Sztejman said it made the April 23 event that much more important.

“It’s more important that people are made aware what can happen when a few bad people can influence that,” he said.

Krik said she will continue to do everything in her power to honor her parents’ memories and what they set out to accomplish in their lives after the war.

“My parents had 18 great-grandchildren — that’s an accomplishment,” she noted enthusiastically.

Both Sztejman and Krik highlighted a commonality among children of survivors: They grew up without grandparents.

“It’s very important for me to be very involved in [my children and grandchildren’s] lives because of that,” Krik said.

Not being at the monument made a difference in the ceremony, Krik added, as it has a major impact on the event itself.

But Jake Reiter, board member of PHRF, said though a different location was not optimal, the focus remained on remembrance.

At the monument site, the PHRF is expected to have the Philadelphia Holocaust Memorial Plaza completed by 2018, which will include interactive virtual tours of the park with firsthand testimonials.

Through an app, users will be able to see the memorial wall and virtual railroad tracks, giving the user the experience of a trip from a small village to a concentration camp.

“For example, my family lost eight families in a small town in Hungary,” Reiter said. “They were hustled onto a railcar and taken to Auschwitz where they were exterminated. So I can go with my children and, in a less dramatic fashion, obviously, share that experience on my iPad with my kids.

“The park and the features and the content represent a reflection of ‘never again,’” he continued, “and it represents an open, hopeful optimism that we live in a country where these protections are afforded. That’s the collective architectural melding of the content that we are bringing to this wonderful piece of real estate right outside of the Mayor’s Office.”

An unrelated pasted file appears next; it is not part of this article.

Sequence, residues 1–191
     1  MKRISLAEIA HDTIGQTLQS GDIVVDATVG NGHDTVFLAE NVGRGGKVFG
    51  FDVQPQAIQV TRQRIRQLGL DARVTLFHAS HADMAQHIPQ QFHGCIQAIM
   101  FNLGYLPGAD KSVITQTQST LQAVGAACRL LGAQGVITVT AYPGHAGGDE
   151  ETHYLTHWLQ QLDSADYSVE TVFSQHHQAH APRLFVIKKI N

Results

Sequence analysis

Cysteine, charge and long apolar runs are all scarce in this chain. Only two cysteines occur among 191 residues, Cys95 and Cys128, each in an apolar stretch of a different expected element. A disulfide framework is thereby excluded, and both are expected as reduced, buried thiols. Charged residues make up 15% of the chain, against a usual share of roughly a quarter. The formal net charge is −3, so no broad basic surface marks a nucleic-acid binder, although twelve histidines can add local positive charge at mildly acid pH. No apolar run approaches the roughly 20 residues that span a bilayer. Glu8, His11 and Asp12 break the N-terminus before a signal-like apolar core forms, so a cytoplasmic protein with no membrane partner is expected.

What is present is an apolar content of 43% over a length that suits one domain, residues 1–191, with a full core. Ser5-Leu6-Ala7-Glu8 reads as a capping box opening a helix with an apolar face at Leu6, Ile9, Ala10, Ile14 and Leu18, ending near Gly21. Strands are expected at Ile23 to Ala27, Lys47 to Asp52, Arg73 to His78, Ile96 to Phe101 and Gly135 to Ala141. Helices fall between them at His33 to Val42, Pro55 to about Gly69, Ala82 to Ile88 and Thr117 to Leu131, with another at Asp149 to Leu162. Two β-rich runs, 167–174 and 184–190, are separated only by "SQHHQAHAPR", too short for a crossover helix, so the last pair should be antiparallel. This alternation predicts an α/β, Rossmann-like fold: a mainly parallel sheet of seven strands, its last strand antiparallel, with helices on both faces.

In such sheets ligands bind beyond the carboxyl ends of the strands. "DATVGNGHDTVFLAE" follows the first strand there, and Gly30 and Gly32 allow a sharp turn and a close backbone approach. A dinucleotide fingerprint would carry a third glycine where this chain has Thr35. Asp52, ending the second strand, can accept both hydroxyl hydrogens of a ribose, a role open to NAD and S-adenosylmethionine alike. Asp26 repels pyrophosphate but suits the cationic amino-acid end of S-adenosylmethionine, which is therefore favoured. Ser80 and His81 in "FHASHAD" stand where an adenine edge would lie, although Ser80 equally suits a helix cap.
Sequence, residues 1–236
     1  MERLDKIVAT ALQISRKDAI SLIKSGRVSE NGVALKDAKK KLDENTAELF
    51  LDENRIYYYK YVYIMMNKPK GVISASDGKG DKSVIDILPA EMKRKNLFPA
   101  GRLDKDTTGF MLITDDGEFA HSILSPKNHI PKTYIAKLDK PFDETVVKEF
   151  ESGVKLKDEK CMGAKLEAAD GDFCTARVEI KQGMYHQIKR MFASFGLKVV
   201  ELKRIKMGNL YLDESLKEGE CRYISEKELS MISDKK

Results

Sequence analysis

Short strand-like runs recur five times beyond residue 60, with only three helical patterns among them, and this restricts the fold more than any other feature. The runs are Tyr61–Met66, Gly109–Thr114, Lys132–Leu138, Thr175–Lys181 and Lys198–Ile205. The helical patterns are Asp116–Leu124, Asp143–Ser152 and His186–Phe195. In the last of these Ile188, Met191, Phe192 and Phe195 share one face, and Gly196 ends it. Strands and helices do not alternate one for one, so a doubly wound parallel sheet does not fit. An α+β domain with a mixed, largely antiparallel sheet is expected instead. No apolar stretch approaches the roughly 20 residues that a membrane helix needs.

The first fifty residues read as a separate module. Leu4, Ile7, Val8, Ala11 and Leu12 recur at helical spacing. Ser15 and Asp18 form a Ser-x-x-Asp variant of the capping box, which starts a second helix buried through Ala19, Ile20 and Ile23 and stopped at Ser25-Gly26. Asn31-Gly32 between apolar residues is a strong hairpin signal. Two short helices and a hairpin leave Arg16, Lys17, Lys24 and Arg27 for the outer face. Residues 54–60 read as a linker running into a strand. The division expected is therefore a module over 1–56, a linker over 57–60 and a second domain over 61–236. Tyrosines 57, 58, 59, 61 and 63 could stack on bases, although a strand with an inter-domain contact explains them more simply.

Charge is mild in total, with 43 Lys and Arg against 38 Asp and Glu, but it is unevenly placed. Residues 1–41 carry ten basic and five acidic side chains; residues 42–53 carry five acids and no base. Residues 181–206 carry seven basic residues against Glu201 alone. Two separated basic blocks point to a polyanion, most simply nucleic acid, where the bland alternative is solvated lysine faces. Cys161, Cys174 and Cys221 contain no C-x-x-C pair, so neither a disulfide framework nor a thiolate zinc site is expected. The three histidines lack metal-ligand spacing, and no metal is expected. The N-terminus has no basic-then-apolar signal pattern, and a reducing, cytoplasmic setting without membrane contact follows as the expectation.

Samuel Swerdlik was 12 when he endured several concentration camps, though he has since forgotten their names.

The 89-year-old’s eyes swelled with tears as he spoke about his own experiences.

“I don’t talk too much about my story because it brings me to tears, so I don’t tell even my grandchildren,” he said. “I do tell them there are books. In theory, in books, I am [in] all of them, too, that I went through the same thing.”

He recalled his moment of escape.

“I was lucky I didn’t look Jewish,” he said. “Our trains — this I remember as I tell stories about happy things — when the Germans came to bomb the train that took us, it stopped. I jumped out, I grabbed a piece of bread and I ran away.”

He survived alongside an older sister, and said he just hopes people never forget the atrocities.

“Even today, with all the books and all the movies we have, some people say that [the Holocaust] never happened,” he said.

Swerdlik, treasurer of the Association of Jewish Holocaust Survivors, and his wife lit a candle in honor of the victims during the ceremony.

He remembered that this ceremony used to garner thousands of people, but has since dwindled drastically. “Hopefully, the second generation will take over,” he said. “Hopefully, they’ll continue doing the job that we’re doing.”